"Martin is one of the most respected people in the world of telecoms. Martin isn't your analyst-as-usual, but instead can be counted on to bring big ideas to the table that can cause people to think differently, with insight into infrastructure, the impact of broadband on everything, and most importantly, thinking about connectedness." — Om Malik, Founder, GigaOm
Telecoms, IT and media used to exist as three very distinct industries. Each was characterised by the objects through which the user experienced their products and services: the telephone, the PC, and a variety of physical and electronic media. These industry boundaries are dissolving, since the digital devices that people use increasingly mix services from all three sectors. This process of integrating the user experience is generally referred to as 'convergence'.
The result is that these three industries are competing against each other for the same customers -- not 'convergence', but rather a collision of industries. This sets in place slow yet irresistible tectonic forces that disrupt old business models, whilst creating new uncontested space for innovation. Power and opportunity are constantly shifting within/among these industries as well as between these industries and the rest of the economy.
Most of all, the balance of power between producers and users is changing. The 20th century paradigm was one of mass production, marketing and consumption supplied by cheap energy. The tools of co-ordination, creation and distribution were concentrated with producers. The 21st century turns this on its head. The new currencies are the trust, attention and knowledge of the customer, with cheap information as the fuel.
The dynamics of this process are complex. Each industry has different histories, values and assumptions about what constitutes a good business model. It is one of the defining economic, social and technological events of our age.
I have spent the past decade participating in and closely observing this 'collision', as a technologist, analyst and executive. I use this experience and insight to provide strategy and innovation consultancy services to senior executives in the telecoms, media and IT industries.
The new Digital Economy
My expertise is concentrated on the boundaries between the industries that form the heart of the 'Digital Economy' -- telecoms, IT and media.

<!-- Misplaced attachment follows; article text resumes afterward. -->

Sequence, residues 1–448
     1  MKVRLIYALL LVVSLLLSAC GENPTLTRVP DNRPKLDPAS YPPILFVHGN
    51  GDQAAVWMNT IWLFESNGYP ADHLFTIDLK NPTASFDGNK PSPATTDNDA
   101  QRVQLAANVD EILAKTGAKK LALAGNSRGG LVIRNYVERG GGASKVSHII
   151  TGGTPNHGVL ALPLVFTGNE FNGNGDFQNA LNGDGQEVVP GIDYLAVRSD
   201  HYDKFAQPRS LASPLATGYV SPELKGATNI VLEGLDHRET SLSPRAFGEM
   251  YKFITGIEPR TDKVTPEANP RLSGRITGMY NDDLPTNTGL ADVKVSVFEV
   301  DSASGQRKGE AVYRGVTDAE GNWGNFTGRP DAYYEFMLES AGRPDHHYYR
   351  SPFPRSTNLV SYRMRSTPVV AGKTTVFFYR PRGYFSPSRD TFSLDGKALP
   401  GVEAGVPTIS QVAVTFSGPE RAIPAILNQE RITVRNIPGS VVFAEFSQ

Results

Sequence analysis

My specific areas of competence are:
- Multi-sided markets (typical of IT platforms such as Windows, Google or Apple's iTunes) that create powerful ecosystem 'hubs'. These shift power away from the telcos and media companies that control content creation, publishing and distribution.
- Platforms and open business models, particularly the trend away from closed and controlled telecoms networks and systems.
- The rise of cloud computing and an on-demand world of networked resources. This is creating new winners in infrastructure, platforms and services by lowering the cost of experimentation and erasing technical and economic barriers to entry.
- The future of voice and messaging products, the core of the telecoms industry. The human voice is the most personal and precious medium of all, and will always remain so. However, the technology and business model to deliver that voice experience are transforming.
- The combination of the all the above into a new cloud communications industry. This offers Communications as a Service (CaaS) to power Communications Enabled Business Processes (CEBP). These increase automation in customer contact, thus reducing operational cost and time lags.
- The decline of the industrial-era 'consumption' model of broadcast media, that has been an artifact of the cost model of distributing content attached to atoms. The rise of social media re-asserts the natural primacy of communication between people. I study the effect on existing communications and media services.
- The boundary between fixed and mobile modes of delivery, and their cost economics and technical capabilities.
- The future of retail ISPs and the shift to new wholesale models of voice, video and data delivery.
- How the unbundling of content and services from their delivery media erodes the value of vertically integrated service models. We see this effect in telecoms (e.g. landline telephony vs Skype) and media companies (e.g. TV vs YouTube).
- The effects of new aggregation models, as exemplified by search engines, on the rest of the digital ecosystem.
- The emergence of new vertically integrated business models (e.g. Apple's iPhone) and the user experience, business model and technology drivers of this process.
Making sense of complexity and change
My clients work within and across these industries that are in collision. I bring structure, insight, critical thinking and creativity that is not readily available from mainstream consultancies.
I have a distinct combination of skills and experiences:
- consulting experience at a strategic level for multinational operators and vendors;
- practical experience of opening up a telco as an application platform;
- deep technical knowledge of both IT and networking;
- a diverse network of contacts across the telecoms-media-technology ecosystem;
- intellectual stamina to understand complex and abstract design and business principles;
- the ability to communicate ideas well, both in writing and in person.